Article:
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Remarks by Ambassador Maloney – Business Eswatini Partnership Launch
August 23, 2022

A woman in a colorful jacket speaks at a podium in front of a backdrop reading business Eswatini

Honorable Minister for Health, Senator Lizzie Nkosi
The CEO of Business Eswatini
The CEO of Eswatini Business Health
USG Officials and implementing partners present
The Executive Director, NERCHA,
Business Support Organizations and members of the business community
Captains of Industry,
Members of all media houses,
Distinguished ladies and gentlemen

It is my pleasure to join you today for this event.

I am struck by how much our world has fundamentally changed in the two and a half years since COVID-19 first entered our lexicon. We all had to adapt to mask mandates and travel restrictions. Many people – especially those fortunate enough to have flexible jobs – had to adapt to working from home or navigating virtual schooling. We had to make difficult decisions around how and when to visit our friends and loved ones.

Managers had to carefully navigate shifting public health policies to keep their businesses afloat. Many businesses struggled to survive. Many employees – particularly those who were considered ‘essential workers’ – had no choice but to report to work despite the risks of getting COVID-19, and potentially bringing it home to their families. We know that women were disproportionately impacted by COVID-19.

We realized that we are all global citizens. We came to grips with lessons learned by previous generations: that pandemics will roil economies and respect no borders. We were all desperate for ways to start clawing back to a sense of normalcy, to start fully reopening the economy. Relief emerged in the form of COVID-19 vaccines. Vaccine development itself was a testament to the ingenuity and industriousness of the private sector.

In Eswatini, the business community, under the leadership of the Ministry of Commerce and Business Eswatini, had already been a strong supporter of the Kingdom’s COVID-19 response.

When we began to discuss a partnership to bring vaccines to businesses and the communities they support, Business Eswatini, through Eswatini Business Health and Wellness (or “EBH”) mobilized decisively. Born of a shared interest to protect employees, customers, and to get the economy back on track, a partnership rapidly came together that leveraged the capacities of the public, private, and non-governmental sectors to deliver health services at scale.

Supported by USAID partner The Luke Commission (or “TLC”), EBH led an effort that administered over 70,000 vaccine doses within workplaces. Impressively, 40 percent of all vaccine doses have been administered through this partnership, bringing vaccines to people directly in their communities. The partnership’s impact has been amplified with EBH and TLC teams recently serving more than 2,000 people per month with workplace health services. It has been a model for the potential of public-private partnerships.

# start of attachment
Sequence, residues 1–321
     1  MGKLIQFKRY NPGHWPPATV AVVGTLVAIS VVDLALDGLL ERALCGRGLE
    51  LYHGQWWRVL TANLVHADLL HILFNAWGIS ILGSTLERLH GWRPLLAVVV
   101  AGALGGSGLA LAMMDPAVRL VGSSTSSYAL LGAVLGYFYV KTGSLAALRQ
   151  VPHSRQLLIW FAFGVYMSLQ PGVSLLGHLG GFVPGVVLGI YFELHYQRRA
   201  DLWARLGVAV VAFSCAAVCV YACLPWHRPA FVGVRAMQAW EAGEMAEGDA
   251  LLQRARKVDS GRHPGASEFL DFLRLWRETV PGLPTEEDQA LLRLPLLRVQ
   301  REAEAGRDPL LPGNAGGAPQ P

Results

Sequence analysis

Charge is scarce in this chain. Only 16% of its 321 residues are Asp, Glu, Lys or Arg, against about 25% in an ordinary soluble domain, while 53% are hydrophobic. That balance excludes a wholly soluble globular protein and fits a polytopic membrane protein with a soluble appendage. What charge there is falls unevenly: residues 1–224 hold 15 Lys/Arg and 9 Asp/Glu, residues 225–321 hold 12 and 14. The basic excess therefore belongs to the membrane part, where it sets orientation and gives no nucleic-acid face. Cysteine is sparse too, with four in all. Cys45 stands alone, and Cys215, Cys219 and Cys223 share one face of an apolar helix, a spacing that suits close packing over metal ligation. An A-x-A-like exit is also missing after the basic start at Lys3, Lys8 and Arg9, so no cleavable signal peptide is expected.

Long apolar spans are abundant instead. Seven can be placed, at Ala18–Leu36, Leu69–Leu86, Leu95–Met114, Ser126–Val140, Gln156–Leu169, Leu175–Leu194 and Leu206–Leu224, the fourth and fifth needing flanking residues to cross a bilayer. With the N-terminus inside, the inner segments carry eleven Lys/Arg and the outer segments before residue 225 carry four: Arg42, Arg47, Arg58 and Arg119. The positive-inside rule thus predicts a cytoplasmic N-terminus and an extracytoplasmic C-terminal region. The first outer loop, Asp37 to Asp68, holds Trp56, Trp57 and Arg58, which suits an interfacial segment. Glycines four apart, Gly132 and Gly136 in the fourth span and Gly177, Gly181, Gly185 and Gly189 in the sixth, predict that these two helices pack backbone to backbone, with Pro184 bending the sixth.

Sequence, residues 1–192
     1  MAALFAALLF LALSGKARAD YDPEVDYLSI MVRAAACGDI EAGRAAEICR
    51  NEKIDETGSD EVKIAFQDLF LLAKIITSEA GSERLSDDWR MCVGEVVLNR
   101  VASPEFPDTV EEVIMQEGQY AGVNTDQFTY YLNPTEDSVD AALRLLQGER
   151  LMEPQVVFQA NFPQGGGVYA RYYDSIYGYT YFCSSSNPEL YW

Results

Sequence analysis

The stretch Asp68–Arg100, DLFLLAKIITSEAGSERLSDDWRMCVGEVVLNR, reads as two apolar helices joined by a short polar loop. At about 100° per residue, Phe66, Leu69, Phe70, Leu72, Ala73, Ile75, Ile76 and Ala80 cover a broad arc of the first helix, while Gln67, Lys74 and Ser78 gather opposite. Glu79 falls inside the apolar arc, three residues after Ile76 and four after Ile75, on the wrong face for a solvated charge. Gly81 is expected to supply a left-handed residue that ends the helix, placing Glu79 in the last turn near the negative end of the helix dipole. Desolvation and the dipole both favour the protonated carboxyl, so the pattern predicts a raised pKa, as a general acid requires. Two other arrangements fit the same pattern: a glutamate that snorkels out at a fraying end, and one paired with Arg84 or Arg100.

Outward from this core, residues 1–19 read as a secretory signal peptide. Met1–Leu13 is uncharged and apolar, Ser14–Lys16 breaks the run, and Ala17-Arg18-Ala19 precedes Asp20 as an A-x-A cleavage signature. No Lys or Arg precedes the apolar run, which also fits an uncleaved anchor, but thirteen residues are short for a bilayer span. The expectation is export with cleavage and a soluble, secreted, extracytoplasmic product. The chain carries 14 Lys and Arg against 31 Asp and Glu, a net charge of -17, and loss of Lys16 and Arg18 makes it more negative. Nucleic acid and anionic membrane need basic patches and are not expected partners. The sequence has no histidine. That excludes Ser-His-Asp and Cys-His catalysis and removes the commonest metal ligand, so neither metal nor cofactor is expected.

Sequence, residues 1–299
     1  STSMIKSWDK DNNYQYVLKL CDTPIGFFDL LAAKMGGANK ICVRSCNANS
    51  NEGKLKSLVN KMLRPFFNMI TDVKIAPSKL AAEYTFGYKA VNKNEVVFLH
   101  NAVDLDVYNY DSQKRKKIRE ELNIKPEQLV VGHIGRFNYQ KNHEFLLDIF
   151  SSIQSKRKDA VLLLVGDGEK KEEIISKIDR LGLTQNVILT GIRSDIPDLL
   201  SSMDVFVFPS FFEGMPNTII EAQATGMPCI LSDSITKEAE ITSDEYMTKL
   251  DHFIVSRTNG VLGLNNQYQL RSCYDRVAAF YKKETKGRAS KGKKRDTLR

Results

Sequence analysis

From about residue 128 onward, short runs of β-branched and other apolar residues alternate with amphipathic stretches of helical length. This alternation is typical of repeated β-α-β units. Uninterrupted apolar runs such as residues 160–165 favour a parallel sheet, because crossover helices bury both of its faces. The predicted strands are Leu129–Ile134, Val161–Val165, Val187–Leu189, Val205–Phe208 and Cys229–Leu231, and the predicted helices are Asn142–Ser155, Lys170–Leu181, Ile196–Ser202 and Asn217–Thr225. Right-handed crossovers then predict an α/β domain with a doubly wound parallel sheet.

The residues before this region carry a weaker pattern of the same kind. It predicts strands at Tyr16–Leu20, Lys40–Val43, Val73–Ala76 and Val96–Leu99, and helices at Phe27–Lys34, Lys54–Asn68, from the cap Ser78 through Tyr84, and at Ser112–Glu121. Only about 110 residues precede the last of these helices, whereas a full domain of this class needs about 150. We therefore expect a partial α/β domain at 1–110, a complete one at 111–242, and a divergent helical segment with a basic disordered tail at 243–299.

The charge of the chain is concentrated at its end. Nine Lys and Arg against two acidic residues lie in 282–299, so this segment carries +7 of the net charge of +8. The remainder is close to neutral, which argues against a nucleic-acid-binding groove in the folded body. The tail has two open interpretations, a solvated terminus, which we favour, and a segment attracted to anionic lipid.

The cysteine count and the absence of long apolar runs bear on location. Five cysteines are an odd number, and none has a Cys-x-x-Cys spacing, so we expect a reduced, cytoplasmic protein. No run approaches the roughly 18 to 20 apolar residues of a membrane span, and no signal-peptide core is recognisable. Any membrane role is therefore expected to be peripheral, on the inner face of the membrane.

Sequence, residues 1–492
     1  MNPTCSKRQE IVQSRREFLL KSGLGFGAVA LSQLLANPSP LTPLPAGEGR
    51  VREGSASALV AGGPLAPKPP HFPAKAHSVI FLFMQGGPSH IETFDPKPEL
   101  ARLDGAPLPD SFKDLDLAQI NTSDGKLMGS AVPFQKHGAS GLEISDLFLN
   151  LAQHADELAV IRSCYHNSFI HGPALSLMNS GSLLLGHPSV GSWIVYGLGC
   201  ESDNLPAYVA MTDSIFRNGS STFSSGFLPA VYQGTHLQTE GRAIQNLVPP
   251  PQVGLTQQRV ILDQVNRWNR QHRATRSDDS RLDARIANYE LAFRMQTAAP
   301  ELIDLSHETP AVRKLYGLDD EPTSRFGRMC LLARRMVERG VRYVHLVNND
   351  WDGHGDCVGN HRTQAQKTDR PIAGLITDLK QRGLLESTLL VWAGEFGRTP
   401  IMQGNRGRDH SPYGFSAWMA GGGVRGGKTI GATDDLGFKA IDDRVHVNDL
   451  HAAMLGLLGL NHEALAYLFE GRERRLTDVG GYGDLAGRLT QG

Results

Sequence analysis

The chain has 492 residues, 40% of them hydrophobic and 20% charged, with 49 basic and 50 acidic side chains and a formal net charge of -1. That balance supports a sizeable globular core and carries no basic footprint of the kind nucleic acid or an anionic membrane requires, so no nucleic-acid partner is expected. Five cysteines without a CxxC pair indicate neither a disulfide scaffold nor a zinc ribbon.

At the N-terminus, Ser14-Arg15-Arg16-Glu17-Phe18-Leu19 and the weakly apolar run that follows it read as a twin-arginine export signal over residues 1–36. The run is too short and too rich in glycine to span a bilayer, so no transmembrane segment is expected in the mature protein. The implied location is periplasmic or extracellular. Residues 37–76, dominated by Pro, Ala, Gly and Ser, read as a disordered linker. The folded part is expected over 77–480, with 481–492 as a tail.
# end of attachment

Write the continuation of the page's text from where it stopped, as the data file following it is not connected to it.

The U.S. government is proud to have supported this robust COVID response in Eswatini through providing vaccines and technical and clinical support, and by building collaborative partnerships. We are here today to celebrate that collaboration, to recognize the businesses that championed high vaccination rates in their workforces, and to launch a partnership that will expand access to critical health services – including those for COVID-19 – for the private sector.

New to the partnership and building on their work to help upgrade the high-care capacity at key health facilities, Right to Care is adding tangible resources through EBH to help get vaccines to people quickly, equitably, and conveniently. Combined with ongoing support from TLC, EBH will redouble efforts to help businesses of all sizes reach the 70 percent vaccine coverage rate goal, including small- and medium-size enterprises.

Because we know that while some of us might think we are ‘done’ with COVID-19, the virus is not done with us.

Vaccination rates for youths have lagged, at less than 15 percent. While we have made great progress, we can do more, together, to defeat COVID-19. We need your help in urging your employees, colleagues and loved ones to follow your lead in getting vaccinated.

Ultimately, through these complementary efforts to the country’s vaccination campaign, and together with you, we can achieve the victory – that the people of Eswatini will continue to get vaccinated, uphold all COVID-19 protocols, advocate for vaccination, and get their booster shots. This way, we can protect ourselves and everyone around us.

More broadly, the U.S. government will continue to collaborate with the Government of the Kingdom of Eswatini towards ending pandemic threats and expanding access to health services. We are proud to invest in the future of emaSwati by addressing health threats such as HIV and COVID-19, and by the same token we must also work together to help Eswatini heal from the recent civil unrest.

We look to the government of the Kingdom of Eswatini to communicate details on preparations for the national dialogue it committed to support. In the meantime, emaSwati need not wait to engage now in meaningful, inclusive, and peaceful community-level dialogue to build understanding and trust. Working together, the citizens of this country can identify shared values and goals, and support a process that will promote healing for the entire country. This is a moment of historic importance in Eswatini.

We value the technical, financial, and commercial contributions of the private sector in addressing socio-economic challenges to improve the quality of life for all emaSwati and we look forward to helping in these efforts every way we can.

I thank you.